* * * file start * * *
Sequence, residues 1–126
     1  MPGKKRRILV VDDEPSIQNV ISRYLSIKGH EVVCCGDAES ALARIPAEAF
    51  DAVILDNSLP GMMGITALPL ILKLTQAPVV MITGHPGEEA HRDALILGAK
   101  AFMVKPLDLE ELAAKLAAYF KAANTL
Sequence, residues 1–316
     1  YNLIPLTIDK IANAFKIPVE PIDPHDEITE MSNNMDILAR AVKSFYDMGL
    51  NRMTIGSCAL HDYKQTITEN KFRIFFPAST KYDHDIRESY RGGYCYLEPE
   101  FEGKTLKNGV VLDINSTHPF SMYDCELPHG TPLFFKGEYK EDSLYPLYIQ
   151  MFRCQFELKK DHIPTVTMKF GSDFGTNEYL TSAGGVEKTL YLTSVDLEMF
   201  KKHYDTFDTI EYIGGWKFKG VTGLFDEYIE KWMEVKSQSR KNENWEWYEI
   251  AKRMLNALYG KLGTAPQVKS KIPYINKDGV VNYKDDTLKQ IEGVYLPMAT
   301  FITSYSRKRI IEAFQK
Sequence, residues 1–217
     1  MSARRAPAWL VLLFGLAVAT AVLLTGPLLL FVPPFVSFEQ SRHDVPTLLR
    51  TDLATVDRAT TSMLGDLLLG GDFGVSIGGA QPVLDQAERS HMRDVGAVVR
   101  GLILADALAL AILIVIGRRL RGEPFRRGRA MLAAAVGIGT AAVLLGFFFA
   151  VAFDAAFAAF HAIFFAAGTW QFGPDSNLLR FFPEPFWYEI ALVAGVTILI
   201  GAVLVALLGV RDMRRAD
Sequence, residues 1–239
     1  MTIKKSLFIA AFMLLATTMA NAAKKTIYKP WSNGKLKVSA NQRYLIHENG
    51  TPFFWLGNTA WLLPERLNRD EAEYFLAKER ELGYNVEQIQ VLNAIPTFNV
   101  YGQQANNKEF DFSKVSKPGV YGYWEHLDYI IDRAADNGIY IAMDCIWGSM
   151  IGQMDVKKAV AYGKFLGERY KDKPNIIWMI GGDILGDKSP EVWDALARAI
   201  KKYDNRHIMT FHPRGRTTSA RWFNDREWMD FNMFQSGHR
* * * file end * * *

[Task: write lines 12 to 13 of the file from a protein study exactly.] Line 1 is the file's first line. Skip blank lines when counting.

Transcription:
   301  FITSYSRKRI IEAFQK
Sequence, residues 1–217